What Is Syncope?

Syncope means fainting.

What Causes Syncope?

People faint most often because of a sudden drop in blood pressure from standing up too fast.

The usual cause is related to not enough blood flow to the brain, so not enough oxygen gets to the brain. Blood collecting in veins in the lower body because of gravity (venous pooling) or straining (Valsalva’s maneuver) may prevent blood from reaching the brain. Damaged or stiff blood vessels and abnormal heart rhythms (arrhythmias) may also reduce blood flow.

Low blood pressure, ineffective pumping by the heart because of heart disease (heart failure), or heart valve abnormalities may cause fainting, as can anemia (low red blood cell count), drugs (especially those for high blood pressure), lung diseases, and too much water loss from the body (dehydration).

One type of fainting called vasovagal syncope refers to overstimulation of the vagus nerve, which lowers blood pressure and causes fainting. This type may occur with anxiety, pain, urination, or coughing.

What Are the Symptoms of Syncope?

Symptoms are sudden brief loss of consciousness, and heart rate may be too fast or irregular (palpitations) or too slow.

How Is Syncope Diagnosed?

The health care provider will diagnose syncope on the basis of a history of fainting or feeling faint.

The health care provider will obtain a medical history, do a physical examination and electrocardiography (ECG), and take blood pressure with the person in different positions (lying, sitting, standing, after exercise). Tilt table testing is a test done by specialists when the cause of syncope is unclear. It can check for symptoms with the body in different positions.

Blood sugar (glucose) level and blood count (hematocrit) may be checked.

If an irregular heartbeat is suspected, the health care provider may use a Holter monitor, a device worn at home and work to monitor the heart rhythm.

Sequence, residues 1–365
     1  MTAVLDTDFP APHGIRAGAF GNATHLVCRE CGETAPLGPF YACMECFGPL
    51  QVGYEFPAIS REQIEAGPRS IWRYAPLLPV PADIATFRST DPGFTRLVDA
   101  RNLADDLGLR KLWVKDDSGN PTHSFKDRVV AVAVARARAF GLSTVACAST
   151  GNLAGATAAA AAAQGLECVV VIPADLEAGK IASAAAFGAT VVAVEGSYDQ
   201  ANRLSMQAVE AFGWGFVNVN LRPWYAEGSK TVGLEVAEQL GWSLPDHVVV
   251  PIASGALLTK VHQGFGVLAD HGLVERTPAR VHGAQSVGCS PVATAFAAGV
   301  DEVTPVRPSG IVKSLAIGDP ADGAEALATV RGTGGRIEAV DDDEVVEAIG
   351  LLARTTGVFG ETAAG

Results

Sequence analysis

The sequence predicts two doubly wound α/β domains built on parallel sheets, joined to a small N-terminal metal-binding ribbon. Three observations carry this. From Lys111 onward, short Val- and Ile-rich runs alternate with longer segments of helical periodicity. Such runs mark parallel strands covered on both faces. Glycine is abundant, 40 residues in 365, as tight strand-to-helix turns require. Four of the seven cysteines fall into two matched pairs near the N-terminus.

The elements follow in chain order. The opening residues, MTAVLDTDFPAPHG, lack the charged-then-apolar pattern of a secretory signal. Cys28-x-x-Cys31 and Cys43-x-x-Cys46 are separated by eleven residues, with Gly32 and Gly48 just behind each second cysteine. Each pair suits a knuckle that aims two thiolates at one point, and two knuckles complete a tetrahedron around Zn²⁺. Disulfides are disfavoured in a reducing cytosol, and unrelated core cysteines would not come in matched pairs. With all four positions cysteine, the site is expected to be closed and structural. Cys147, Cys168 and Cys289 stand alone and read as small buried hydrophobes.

How Is Syncope Treated?

If not enough blood is pumped by the heart, the heart’s condition must be checked. The health care provider may suggest seeing a heart specialist (cardiologist) for additional tests.

For people with low blood pressure (hypotension) or heart disease, drugs that may be causing fainting are stopped on a trial basis.

DOs and DON’Ts in Managing Syncope:
  • DO keep a record of fainting, for example, it happens when you suddenly stand from being seated.
  • DO eat a proper diet and drink enough fluids. These are needed for avoiding fainting caused by low blood sugar and dehydration.
  • DO sit or lie down if you feel faint, to help improve blood flow to the brain. Drink plenty of fluids once you are able to drink. If you are a diabetic and have low blood sugar, eat something.
  • DO call your health care provider if you have fainting with chest pain, shortness of breath, or history of heart disease.
  • DON’T ignore any fainting episodes. Call your health care provider.
  • DON’T put yourself in situations such as driving that make your fainting worse.

Contact the following source:

  • American Heart Association
    Tel: (800) 242-8721

Copyright © 2016 by Saunders, an imprint of Elsevier, Inc.

Ferri’s Netter Patient Advisor